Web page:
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The Fix Talks Back About Pa., Howard Dean and Dems' Agenda

The Fix took questions in the Post Politics Hour Web chat earlier today. Read the transcript here.

Below are my answers to a few questions that I didn't have time for during the chat.

Boise, Idaho: Honestly, do you think Howard Dean is or is not a liability for the Democrats?

Chris Cillizza: You are poking a hornet's nest with that questions. As I have written before -- both on The Fix and in The Post -- there are elements of the party establishment that continue to be unhappy with Dean's 50-state strategy and the financial impact that has had on the Democratic National Committee. Dean ran for chairman on a pledge to put field organizers on the ground in all 50 states, a feat the committee has now accomplished.

The problem with staffing up in every state is that there are considerable salary costs tied to it. The result is that the DNC's burn rate has been much higher than that of the Republican National Committee. As of the end of January, the DNC had raised $61 million this cycle compared to $119 million for the RNC. The DNC had $6.9 million on hand at that time; the RNC had $39 million. That means the DNC has spent 88.5 percent of the dollars it has raised while the RNC had spent 67 percent of its total raised.

Establishment Democrats worry that the financial disparity will allow the RNC to spend heavily in 2006 congressional races while the DNC is incapable of matching it. As for those who point out that Dean's DNC has raised more money than the DNC has ever done before in the hard money era, that is true. But, so has the RNC. And the RNC, not the DNC of 2004, is who Dean is competing against.

Remember that Dean was never a part of the party establishment before he ran for chairman of the party, so some resistance among "insiders" is to be expected. And he also seems committed to running the DNC in a way that has not been done before, which will draw further friction with old-time institutionalists.

Washington, D.C.: How does Swann-Rendell affect Santorum-Casey?

Chris Cillizza: This is one I have been grappling with for months. Democrats believe that with Pennsylvania Gov. Ed Rendell (D) now in a real race against Lynn Swann (R), Rendell will ramp up his Philadelphia turnout machine, a move that should benefit state Treasurer Bob Casey Jr. who got walloped by the governor in the Philly area during their 2002 primary race. Republicans retort that turnout in Philadelphia won't be any higher than it was during the 2004 presidential race. Democrats insist that with Rendell threatened, his loyalists will turn out even more voters than they did last cycle. That remains to be seen, but I don't see how a competitive race for Rendell can hurt Casey.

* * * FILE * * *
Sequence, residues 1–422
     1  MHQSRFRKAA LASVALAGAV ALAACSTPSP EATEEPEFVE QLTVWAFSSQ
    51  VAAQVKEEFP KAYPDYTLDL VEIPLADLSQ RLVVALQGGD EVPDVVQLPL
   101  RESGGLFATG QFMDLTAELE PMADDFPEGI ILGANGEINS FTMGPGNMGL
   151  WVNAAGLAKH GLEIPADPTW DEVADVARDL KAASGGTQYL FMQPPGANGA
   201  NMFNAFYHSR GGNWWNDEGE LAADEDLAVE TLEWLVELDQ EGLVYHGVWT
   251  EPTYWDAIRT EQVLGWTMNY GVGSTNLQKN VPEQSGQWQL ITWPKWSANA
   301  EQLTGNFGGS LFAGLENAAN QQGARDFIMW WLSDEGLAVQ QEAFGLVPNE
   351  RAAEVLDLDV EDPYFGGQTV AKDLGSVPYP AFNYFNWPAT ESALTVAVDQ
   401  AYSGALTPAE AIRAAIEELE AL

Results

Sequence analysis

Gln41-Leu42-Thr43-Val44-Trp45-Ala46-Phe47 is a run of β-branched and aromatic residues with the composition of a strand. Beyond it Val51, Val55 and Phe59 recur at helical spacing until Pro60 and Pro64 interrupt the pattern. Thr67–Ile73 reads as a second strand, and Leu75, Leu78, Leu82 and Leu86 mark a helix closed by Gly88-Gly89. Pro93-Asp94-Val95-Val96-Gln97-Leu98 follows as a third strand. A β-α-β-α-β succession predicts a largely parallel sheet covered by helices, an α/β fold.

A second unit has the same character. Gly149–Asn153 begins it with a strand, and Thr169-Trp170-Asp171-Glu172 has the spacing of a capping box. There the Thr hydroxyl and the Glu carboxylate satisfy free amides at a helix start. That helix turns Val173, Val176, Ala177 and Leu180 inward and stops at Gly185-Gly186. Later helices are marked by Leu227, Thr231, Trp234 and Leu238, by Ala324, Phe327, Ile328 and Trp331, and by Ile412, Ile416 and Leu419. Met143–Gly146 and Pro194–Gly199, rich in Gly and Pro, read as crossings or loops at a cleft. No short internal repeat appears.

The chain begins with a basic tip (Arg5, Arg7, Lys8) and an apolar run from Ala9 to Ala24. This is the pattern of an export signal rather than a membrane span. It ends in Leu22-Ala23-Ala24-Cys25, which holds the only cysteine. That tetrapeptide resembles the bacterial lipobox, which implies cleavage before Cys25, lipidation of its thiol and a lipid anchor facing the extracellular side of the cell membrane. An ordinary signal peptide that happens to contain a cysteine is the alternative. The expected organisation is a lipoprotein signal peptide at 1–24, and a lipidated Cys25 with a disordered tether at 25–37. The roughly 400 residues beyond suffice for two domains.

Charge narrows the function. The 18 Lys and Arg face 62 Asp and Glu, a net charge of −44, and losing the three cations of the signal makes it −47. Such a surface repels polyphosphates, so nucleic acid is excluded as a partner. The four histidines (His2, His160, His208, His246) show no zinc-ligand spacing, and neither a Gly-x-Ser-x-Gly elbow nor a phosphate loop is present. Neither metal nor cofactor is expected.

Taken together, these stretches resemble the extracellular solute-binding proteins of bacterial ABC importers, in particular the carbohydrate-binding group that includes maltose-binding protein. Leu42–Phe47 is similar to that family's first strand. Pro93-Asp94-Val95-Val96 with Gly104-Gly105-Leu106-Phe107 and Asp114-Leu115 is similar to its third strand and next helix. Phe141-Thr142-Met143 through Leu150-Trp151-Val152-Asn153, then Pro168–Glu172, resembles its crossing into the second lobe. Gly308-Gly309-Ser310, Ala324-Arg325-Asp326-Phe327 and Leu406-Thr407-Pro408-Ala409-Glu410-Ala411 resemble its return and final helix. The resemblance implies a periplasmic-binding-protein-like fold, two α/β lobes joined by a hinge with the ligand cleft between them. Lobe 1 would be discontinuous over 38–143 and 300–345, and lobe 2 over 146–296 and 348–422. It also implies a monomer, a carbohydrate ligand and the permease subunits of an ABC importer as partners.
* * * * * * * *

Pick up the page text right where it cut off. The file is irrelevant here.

On the other hand, Swann is a legendary figure in and around Pittsburgh -- an area Sen. Rick Santorum (R) represented during his time in the House. Swann may bring out first-time voters attracted to his Pittsburgh Steeler credentials who could also decide to go with Santorum.

In other words, you can argue it both ways.

Chicago: There's word that the Democrats are holding off presenting a "Contract With America"-like proposal to the American people. Why don't they just come out right NOW and say what they think makes the Dems different from the GOP's "Culture of Corruption"?

Chris Cillizza: The concern among Democratic strategists is that rolling out a series of policy proposals right now would give Republicans and the national media ample time to poke holes in it between now and the election. Given the current budget situation, it's likely that any new proposal by Democrats would involved rolling back some of the Bush tax cuts, a strategy that would immediately be derided by Republicans as a proposal to increase taxes.

Democrats are also quick to note that the vaunted "Contract With America" did not go public until September 1994 -- just two months before the tidal wave election that delivered Republicans majorities in the House and Senate.

I think the delay in releasing a Democratic agenda reflects an internal divide between those who believe the party needs to show voters that they are for something and those who think simply being viewed as the alternative to President Bush and congressional Republicans is enough to make major gains in the midterms.

By Chris Cillizza  |  March 8, 2006; 2:19 PM ET
Categories:  Fix Notes  
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